Guardian distances itself from 'anti-press' Data Protection Bill amendments which would exclude title from paying punitive legal costs

The Guardian and Observer publisher has distanced itself from an amendment to the Data Protection Bill which would uniquely exempt the titles from paying punitive legal costs.

Peers’ Section 40 amendments to the bill, which would see publishers pay both sides’ legal costs in data protection disputes, win or lose, have been  slammed by many publishers as “anti-press”.

Guardian News and Media has said it has written to all MPs making clear that it disagrees with “attempts to impose a selective sanction on the media” ahead of a Commons vote later today.

MPs will vote on an amendment, tabled by deputy Labour leader Tom Watson, this afternoon.

As it stands, news organisations signed up to a state-sponsored regulator – currently only Impress – would avoid the cost penalties.

Most national newspapers and regional newspaper groups are signed up to the Independent Press Standards Organisation, a system of self-regulation which has just announced a compulsory arbitration scheme that could force publishers to pay out up to £60,000 to victims of press abuses.

The scheme would cost claimants a maximum of £100, offering an alternative to costly legal action over libel, privacy, harassment, and data protection claims.

The new scheme brings IPSO closer in line with recommendations made by Lord Justice Leveson following his inquiry in the culture, practice and ethics of the press, which concluded in 2012.

The 104 publishers regulated by Impress, which was recognised under the Royal Charter established after the Leveson Inquiry, would be exempt from paying all legal costs in cases brought under the Data Protection Bill.

Major UK newspapers not regulated by IPSO or Impress include the Guardian, Observer, Financial Times, Independent and Evening Standard – all of which self-regulate.

However the Guardian’s funding model is unique as it directs any profits to its ultimate owner, not-for-profit group The Scott Trust.

GNM said yesterday it was never consulted on a condition of Watson’s amendment which would exempt publishers which reinvest their profits back into journalism.

This condition has been widely interpreted as ensuring that news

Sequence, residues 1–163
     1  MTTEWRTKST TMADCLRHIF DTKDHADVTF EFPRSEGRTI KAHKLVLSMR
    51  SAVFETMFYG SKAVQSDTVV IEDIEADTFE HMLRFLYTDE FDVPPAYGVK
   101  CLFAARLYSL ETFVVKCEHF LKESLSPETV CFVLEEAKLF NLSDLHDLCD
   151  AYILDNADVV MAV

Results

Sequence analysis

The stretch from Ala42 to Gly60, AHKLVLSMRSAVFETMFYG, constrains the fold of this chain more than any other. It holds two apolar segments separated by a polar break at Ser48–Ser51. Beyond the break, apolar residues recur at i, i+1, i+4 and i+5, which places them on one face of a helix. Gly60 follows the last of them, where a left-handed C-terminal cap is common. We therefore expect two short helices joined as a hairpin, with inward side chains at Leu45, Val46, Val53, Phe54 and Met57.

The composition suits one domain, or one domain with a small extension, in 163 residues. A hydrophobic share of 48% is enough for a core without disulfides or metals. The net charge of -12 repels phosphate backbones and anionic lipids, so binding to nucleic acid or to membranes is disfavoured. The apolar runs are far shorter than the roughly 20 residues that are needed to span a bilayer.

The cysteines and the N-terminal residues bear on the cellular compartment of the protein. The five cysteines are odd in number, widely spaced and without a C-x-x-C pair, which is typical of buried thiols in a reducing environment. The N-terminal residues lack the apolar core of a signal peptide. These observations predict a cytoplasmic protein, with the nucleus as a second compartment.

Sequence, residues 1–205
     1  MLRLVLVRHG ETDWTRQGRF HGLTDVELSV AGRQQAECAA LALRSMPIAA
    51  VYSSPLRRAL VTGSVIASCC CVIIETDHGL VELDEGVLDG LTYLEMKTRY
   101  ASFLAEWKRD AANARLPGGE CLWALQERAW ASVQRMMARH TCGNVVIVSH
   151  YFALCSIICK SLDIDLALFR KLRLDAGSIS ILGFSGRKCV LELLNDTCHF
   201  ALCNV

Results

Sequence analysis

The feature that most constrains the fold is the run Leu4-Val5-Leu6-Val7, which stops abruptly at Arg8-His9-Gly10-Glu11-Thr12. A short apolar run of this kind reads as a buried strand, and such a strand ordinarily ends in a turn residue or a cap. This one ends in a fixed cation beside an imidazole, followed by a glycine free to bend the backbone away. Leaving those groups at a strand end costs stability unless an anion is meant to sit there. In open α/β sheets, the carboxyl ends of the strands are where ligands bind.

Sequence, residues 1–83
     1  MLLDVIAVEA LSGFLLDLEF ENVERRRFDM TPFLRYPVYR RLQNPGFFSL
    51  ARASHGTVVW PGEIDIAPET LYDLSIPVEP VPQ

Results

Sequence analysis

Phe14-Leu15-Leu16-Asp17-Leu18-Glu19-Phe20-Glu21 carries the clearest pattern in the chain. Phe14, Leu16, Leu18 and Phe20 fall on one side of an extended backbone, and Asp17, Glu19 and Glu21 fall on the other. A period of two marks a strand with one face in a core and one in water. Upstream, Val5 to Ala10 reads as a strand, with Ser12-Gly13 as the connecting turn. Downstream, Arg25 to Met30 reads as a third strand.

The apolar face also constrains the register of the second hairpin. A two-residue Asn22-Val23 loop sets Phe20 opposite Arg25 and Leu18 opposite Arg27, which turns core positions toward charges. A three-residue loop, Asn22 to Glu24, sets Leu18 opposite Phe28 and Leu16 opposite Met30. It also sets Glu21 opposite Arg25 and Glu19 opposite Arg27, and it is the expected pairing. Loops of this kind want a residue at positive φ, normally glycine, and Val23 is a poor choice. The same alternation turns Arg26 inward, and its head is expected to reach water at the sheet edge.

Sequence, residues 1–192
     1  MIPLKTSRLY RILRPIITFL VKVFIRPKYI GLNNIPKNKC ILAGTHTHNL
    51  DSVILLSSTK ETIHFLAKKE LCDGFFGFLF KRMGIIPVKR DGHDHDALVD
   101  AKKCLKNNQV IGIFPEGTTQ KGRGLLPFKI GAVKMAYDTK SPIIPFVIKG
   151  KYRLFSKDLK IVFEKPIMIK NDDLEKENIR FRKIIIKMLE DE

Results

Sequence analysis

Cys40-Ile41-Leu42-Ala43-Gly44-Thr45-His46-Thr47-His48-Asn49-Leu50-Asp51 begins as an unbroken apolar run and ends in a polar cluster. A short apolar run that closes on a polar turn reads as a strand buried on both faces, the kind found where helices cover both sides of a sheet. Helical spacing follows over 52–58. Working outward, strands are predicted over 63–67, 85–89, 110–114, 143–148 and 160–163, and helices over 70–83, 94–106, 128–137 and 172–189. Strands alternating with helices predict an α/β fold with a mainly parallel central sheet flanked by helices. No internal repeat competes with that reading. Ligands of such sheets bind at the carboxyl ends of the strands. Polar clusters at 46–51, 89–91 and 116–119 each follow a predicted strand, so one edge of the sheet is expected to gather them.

organisations structured along the lines of the Guardian and the Observer should be excluded from the scope of the bill.

In a statement, GNM said: “While the model used by the Scott Trust is recognised in the amendment as maintaining high standards of journalism, it is a structure that is unique among UK publishers and rare globally as a model for news organisations.

“We do not believe that singling out one model of ownership for news organisations in this way is a constructive approach.

“We live in an age of diverse ownership, constitutions and business models underpinning news organisations in this country and around the world. This amendment implies that just one ownership model can result in the production of high quality journalism, which is simply not correct.”

The Guardian is still operating at a loss of £19m, but has said it is set to break even by April next year.

Antony White QC, who acted for News International during the Leveson inquiry, said this week the Data Protection Bill amendment could be unlawful partially because he believes it breaches the prohibition of discrimination section of the European Convention of Human Rights.

The amendment “singles out publishers organised on the basis of a lawful commercial model (those which generate profits for their shareholders)” and exempts smaller publishers which publish “predominantly in specific regions of localities”.

GNM said: “Such arbitrary exclusions set an unwelcome precedent in the context of press freedom. What is needed is a system that is fair for all – the current proposals are not.”

MPs are also set to vote today on an amendment to the bill tabled by Ed Miliband MP which would establish a broad new statutory inquiry into data protection issues in the media after the Government scrapped the second part of the Leveson inquiry.

The Financial Times, which is also self-regulated, said in an editorial today that both amendments “would force our hand and chill freedom of expression in this country”.

“Investigative journalism – such as the FT’s expose of The Presidents Club this year – could well become too risky given the potential costs,” it said.

“It would be handing rich individuals a licence to harass the press, free of charge.”

A group of regional newspaper editors spoke out against the amendments this week, calling them “anti-press” and fearing they could result in local titles closing.

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